Coronavirus in Cats

Lerarn more about the feline version of coronavirus

cat close up

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Coronavirus is a term used to describe an infection caused by different strains of this virus but different animal species are affected by different types of coronaviruses. Knowing what type of coronavirus a cat can get and what you can do to keep your cat safe is important.

Is Feline Coronavirus Contagious to People (and Vice Versa)?

Feline coronavirus is not the same type of coronavirus that causes respiratory issues in humans. These are different strains of the virus and a lot is still unknown about how cats may or may not be affected by the human respiratory coronavirus (SARS-CoV-2, formerly called 2019-nCoV that causes COVID-19). Over 3,500 pets, including dogs, cats, and horses from all 50 states in the US and South Korea were tested by IDEXX, a major veterinary laboratory, for COVID-19 and all tests were negative but other tests and studies with limited samples showed that cats may be at risk for contracting COVID-19. Cats may be susceptible to contracting COVID-19 from pet owners, but the small number of cats that have tested positive have been asymptomatic or showed mild symptoms. There is also no evidence that cats can spread the disease to people, only to other cats, and it is very rare for a cat to test positive in general. There is still much to be learned about this virus and how it may affect cats and other pets so the Centers for Disease Control and Prevention (CDC) does recommend that if you are infected with COVID-19 to avoid or limit contact with your pets until more information is known about this virus.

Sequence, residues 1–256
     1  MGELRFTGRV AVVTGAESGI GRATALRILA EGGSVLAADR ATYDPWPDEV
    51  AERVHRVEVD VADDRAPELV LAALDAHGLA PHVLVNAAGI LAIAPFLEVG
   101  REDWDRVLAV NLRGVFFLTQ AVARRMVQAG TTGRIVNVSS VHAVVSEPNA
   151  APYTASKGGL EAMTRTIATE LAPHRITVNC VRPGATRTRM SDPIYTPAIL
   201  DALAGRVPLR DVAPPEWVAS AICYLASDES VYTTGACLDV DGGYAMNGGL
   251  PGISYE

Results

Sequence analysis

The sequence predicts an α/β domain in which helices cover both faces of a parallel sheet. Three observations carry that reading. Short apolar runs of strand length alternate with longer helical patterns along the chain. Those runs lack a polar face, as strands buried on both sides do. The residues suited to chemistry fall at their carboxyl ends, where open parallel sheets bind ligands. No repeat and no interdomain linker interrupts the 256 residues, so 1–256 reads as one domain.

COVID-19 and Animals

Although there are some documented cases of animals testing positive for COVID-19, the virus does not appear to have had a major impact on animals. There is currently no evidence that animals can transmit COVID-19 to humans.

USA cases:

  • A tiger and a lion in New York, April 2020
  • Two domestic cats in New York, April 2020
  • A dog in North Carolina, April/May 2020

Other countries:

  • Two dogs in Hong Kong, March 2020
  • A cat in Belgium, March 2020
  • Two mink farms in The Netherlands, April 2020
  • Two domestic cats in France, May 2020
  • A domestic cat in Spain, May 2020
  • A domestic cat in Germany, May 2020
  • A dog and a cat in The Netherlands, May 2020
  • A cat in Russia, May 2020

Some of these animals did become sick. Most are believed to have contracted the virus from infected humans. To date, there is no evidence that animals can spread COVID19 to humans.

What Is Coronavirus in Cats?

Feline coronavirus (FCoV) is a viral disease that causes diarrhea in cats but can also lead to a more serious disease called feline infectious peritonitis (FIP). Because of the risk for developing FIP, feline coronavirus is a concerning virus.

Signs of Coronavirus in Cats

  • Diarrhea
  • Bloated abdomen
  • Difficulty breathing
  • Lethargy
  • Weight loss
  • Lack of appetite
  • Yellowing of skin and/or eyes
  • Increased thirst